On the third floor of Citigroup’s Manhattan headquarters, at the far end of a trading floor overlooking the Hudson River, Young Kang, Citi’s global head of algorithmic products, leans over a terminal and monitors the progress of a canny and powerful beast named Dagger. Bred and trained in secret by Citi’s financial engineers, Dagger can stalk through more than 20 markets, public and otherwise—hunting for anomalies, buying and selling, prowling through mountains of historical data—all at the behest of Citi’s clients. Amid the trading-floor din, Dagger fulfills its duties in flickering silence, with a speed and acuity no human can match.
“It’s self-learning,” Kang says. “The numbers keep updating, the strategy keeps adjusting itself. It gets smarter.”
And it makes a lot of money. Algorithms like Dagger can exploit the smallest inefficiencies in the market. They can parse trades in millionths of a second. Some species can detect other algos embarking on predictable trading strategies, and ruthlessly adjust their techniques. They’re growing ever more complex, subtle, and sophisticated. And as they become more popular, they’re creating some serious headaches for regulators.
By some estimates, algorithms now trigger 70 percent of all trades in U.S. equities. The speed and volume of everyday trading have propelled the market into a new and esoteric dimension, and rendered traders in the pits largely obsolete. Average daily share volume on the New York Stock Exchange increased by 181 percent between 2005 and 2009, while the time required to execute a trade on its electronic systems dropped to 650 microseconds.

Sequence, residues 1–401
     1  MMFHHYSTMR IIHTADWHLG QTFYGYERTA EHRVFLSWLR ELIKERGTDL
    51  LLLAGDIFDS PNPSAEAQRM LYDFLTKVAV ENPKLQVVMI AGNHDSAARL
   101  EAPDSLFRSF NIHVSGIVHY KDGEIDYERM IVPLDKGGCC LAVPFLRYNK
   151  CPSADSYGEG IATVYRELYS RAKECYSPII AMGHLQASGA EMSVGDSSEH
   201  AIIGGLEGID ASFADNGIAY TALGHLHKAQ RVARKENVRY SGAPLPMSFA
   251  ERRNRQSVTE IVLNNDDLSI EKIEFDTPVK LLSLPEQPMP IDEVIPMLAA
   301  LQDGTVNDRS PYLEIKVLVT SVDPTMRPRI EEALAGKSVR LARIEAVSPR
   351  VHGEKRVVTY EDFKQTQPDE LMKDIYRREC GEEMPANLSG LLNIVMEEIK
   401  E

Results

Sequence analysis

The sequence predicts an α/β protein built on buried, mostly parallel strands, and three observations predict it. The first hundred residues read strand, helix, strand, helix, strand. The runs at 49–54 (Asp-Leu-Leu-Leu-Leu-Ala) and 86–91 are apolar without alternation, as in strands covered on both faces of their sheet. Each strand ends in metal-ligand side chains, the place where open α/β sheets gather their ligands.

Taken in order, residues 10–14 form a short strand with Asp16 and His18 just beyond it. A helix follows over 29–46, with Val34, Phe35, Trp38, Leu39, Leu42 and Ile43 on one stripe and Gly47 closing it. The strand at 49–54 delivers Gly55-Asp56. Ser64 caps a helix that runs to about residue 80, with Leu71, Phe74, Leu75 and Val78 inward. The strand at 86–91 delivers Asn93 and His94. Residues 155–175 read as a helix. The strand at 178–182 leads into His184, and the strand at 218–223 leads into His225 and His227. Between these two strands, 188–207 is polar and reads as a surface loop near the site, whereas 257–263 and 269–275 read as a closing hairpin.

Such changes have a lot of people worried, including the Securities and Exchange Commission. It released a wide-ranging paper earlier this year seeking suggestions on how to restructure the entire equity market, and created a Division of Risk, Strategy, and Financial Innovation in part to help monitor new technologies. A market collapse in early May—in which automated-trading systems exacerbated a sell-off that drove the Dow down more than 900 points in less than an hour, before it quickly recovered—gave two worries new public salience: that the proprietors of these algos may not be in full control of their creations, and that the strategies they pursue are, in some cases, fundamentally warping the financial markets.
In January, the NYSE fined Credit Suisse $150,000 for “failing to adequately supervise the development, deployment, and operation of a proprietary algorithm.” The fine was a pittance, but more troubling was that the bank didn’t even know that its malfunctioning algo (which sent hundreds of thousands of cancel-and-replace requests for orders that hadn’t been made) had crippled some of the NYSE’s trading stations until regulators called them the next day. This spring, a newsletter from the Federal Reserve Bank of Chicago warned: “Although algorithmic trading errors have occurred, we likely have not yet seen the full breadth, magnitude, and speed with which they can be generated. Furthermore, many such errors may be hidden from public view.”
Bernard Donefer, a finance professor at Baruch College and the author of a study in the most recent Journal of Trading called “Algos Gone Wild,” contends that the speed of these equations, and their ability to reach so many markets simultaneously, could turn even a minor coding error into a spiraling disaster. “Another 1987,” he told me, referring to the epic crash caused in part by simpler automated-trading schemes. This view puts Donefer in the minority in the financial community, which tends to have more faith in firms’ internal risk controls. But he thinks that without better regulation, more algo-gone-wild scenarios are inevitable. He notes that while controls at big firms, like Citi, are generally exemplary, second- and third-tier firms present a graver risk.